In order to qualify for the credit you must be operating your business in 2020 and meet one of two tests outlined below:
Your operations were fully or partially suspended during any calendar quarter in 2020 because of an order from a government authority due to COVID-19 (i.e. a state-wide order to ‘shelter in place’ like we have in Illinois) or
You experienced a significant decline in gross receipts during a calendar quarter in 2020
What determines whether or not a business is ‘fully or partially suspended’ for the purposes of the ERC? The IRS helps us define this
with the following:
The operation of a trade or business may be partially suspended if an appropriate governmental authority imposes restrictions upon the business operations by limiting commerce, travel, or group meetings (for commercial, social, religious, or other purposes) due to COVID-19 such that the operation can still continue to operate but not at its normal capacity.
Example: A state governor issues an executive order closing all restaurants, bars, and similar establishments in the state in order to reduce the spread of COVID-19. However, the executive order allows those establishments to continue food or beverage sales to the public on a carry-out, drive-through, or delivery basis. This results in a partial suspension of the operations of the trade or business due to an order of an appropriate governmental authority with respect to any restaurants, bars, and similar establishments in the state that provided full sit-down service, a dining room, or other on-site eating facilities for customers prior to the executive order.
If you’re located in Illinois, this would apply to you under the scenario above.
If you don’t satisfy the criteria above you may still qualify if you have a ‘significant decline in gross receipts’ which the IRS again defines (with an example) as follows:
A significant decline in gross receipts begins with the first quarter in which an employer’s gross receipts for a calendar quarter in 2020 are less than 50 percent of its gross receipts for the same calendar quarter in 2019. The significant decline in gross receipts ends with the first calendar quarter that follows the first calendar quarter for which the employer’s 2020 gross receipts for the quarter are greater than 80 percent of its gross receipts for the same calendar quarter during 2019.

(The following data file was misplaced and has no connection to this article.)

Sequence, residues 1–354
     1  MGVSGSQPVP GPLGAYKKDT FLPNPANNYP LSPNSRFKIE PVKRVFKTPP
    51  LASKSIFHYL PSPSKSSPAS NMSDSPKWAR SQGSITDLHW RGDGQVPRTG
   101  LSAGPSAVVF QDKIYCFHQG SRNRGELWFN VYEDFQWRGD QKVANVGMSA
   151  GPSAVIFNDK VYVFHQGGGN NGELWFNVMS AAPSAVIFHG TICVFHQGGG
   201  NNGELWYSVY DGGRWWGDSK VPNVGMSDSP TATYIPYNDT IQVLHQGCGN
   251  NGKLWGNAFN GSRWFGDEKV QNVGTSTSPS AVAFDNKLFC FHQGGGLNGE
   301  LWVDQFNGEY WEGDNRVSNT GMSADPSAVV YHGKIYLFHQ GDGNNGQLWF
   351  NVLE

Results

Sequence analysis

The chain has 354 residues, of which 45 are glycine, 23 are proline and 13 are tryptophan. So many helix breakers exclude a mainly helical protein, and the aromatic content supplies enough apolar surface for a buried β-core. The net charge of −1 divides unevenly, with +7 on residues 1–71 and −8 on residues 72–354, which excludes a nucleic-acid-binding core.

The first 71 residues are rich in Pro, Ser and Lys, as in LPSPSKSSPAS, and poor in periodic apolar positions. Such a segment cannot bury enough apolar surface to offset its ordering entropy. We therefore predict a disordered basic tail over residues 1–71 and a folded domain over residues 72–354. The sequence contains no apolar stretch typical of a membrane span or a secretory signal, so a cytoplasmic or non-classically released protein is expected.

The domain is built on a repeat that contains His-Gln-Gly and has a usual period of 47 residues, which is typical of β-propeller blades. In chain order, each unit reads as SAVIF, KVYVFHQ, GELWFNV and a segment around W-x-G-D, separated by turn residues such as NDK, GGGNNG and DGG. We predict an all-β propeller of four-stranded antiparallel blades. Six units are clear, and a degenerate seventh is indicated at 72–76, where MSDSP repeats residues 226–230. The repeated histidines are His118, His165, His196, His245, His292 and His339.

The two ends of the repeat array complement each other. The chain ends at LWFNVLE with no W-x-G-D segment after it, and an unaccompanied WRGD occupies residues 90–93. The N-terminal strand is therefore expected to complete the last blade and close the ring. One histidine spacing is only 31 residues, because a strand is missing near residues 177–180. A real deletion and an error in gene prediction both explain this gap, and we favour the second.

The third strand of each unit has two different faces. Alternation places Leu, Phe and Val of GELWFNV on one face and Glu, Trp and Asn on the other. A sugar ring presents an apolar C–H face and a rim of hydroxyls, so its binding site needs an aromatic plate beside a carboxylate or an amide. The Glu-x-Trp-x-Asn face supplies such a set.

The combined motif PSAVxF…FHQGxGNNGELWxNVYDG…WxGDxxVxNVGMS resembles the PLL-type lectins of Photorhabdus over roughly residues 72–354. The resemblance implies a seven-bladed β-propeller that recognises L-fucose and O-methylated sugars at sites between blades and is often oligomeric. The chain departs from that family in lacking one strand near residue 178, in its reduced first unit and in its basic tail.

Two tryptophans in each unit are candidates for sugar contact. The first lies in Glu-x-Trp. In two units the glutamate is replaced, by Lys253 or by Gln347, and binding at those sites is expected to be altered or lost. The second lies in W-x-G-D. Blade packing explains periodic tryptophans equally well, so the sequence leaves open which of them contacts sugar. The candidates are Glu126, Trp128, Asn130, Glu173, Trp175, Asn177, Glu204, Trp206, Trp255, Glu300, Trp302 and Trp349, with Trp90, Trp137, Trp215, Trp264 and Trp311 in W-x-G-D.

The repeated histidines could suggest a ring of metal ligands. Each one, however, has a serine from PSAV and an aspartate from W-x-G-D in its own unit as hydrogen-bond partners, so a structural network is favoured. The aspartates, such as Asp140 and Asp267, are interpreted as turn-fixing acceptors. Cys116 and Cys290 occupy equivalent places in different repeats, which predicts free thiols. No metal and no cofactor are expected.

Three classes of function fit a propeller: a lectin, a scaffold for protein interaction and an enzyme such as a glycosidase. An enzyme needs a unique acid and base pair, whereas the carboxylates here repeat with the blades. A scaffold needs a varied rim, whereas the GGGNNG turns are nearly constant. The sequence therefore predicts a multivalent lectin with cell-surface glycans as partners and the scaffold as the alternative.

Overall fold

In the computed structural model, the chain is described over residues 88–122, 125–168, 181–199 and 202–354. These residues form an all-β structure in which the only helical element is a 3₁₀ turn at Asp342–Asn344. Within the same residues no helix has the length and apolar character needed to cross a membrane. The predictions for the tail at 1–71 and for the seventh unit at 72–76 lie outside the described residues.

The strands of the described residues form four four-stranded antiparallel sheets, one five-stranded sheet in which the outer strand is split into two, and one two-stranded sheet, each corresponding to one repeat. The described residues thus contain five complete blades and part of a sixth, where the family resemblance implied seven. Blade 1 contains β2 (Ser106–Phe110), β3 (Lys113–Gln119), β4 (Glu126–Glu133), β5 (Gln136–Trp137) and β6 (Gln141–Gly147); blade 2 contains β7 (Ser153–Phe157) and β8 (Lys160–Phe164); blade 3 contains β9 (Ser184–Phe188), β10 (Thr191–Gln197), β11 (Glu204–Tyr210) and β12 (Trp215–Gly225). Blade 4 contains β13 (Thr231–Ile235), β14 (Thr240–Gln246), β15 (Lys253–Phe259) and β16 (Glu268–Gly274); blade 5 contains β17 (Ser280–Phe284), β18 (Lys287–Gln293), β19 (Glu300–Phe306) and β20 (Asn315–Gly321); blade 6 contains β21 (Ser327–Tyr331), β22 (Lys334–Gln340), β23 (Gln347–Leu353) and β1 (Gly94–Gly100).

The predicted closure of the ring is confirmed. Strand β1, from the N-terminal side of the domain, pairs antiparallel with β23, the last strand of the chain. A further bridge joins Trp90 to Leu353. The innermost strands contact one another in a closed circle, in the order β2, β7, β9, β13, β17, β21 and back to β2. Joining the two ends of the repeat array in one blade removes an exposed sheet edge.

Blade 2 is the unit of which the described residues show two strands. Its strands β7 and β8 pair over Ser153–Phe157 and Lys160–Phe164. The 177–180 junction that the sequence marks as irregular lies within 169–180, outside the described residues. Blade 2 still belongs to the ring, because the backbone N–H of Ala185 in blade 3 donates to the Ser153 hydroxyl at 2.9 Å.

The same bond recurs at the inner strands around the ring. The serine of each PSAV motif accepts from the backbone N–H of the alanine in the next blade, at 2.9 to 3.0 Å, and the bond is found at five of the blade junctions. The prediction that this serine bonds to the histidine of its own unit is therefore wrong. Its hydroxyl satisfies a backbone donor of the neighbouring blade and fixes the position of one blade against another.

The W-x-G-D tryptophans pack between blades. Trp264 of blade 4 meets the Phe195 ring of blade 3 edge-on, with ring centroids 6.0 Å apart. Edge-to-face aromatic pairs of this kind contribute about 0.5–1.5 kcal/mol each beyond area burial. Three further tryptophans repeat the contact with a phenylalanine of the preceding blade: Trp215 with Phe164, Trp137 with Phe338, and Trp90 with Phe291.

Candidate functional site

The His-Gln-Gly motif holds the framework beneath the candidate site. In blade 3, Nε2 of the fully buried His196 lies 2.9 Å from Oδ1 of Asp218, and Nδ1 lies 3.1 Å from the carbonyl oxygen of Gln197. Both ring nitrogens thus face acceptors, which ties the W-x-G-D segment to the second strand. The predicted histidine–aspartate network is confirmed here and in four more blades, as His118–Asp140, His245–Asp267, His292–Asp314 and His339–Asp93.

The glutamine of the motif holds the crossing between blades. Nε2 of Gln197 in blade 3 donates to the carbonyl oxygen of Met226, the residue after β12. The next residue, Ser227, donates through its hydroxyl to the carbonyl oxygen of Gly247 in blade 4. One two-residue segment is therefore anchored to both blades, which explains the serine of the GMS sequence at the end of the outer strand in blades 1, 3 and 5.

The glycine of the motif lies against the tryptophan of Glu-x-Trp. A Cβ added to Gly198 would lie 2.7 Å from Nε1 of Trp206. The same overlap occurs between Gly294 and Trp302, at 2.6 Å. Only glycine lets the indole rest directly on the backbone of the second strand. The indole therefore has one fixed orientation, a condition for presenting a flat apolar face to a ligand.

Example: An employer’s gross receipts were $100,000, $190,000, and $230,000 in the first, second, and third calendar quarters of 2020, respectively. Its gross receipts were $210,000, $230,000, and $250,000 in the first, second, and third calendar quarters of 2019, respectively. Thus, the employer’s 2020 first, second, and third quarter gross receipts were approximately 48%, 83%, and 92% of its 2019 first, second, and third quarter gross receipts, respectively. Accordingly, the employer had a significant decline in gross receipts commencing on the first day of the first calendar quarter of 2020 (the calendar quarter in which gross receipts were less than 50% of the same quarter in 2019) and ending on the first day of the third calendar quarter of 2020 (the quarter following the quarter for which the gross receipts were more than 80% of the same quarter in 2019). Thus the employer is entitled to a retention credit with respect to the first and second calendar quarters.
If your business can satisfy either of those criteria, then continue on because you may qualify for the credit (absent some exceptions we cover later).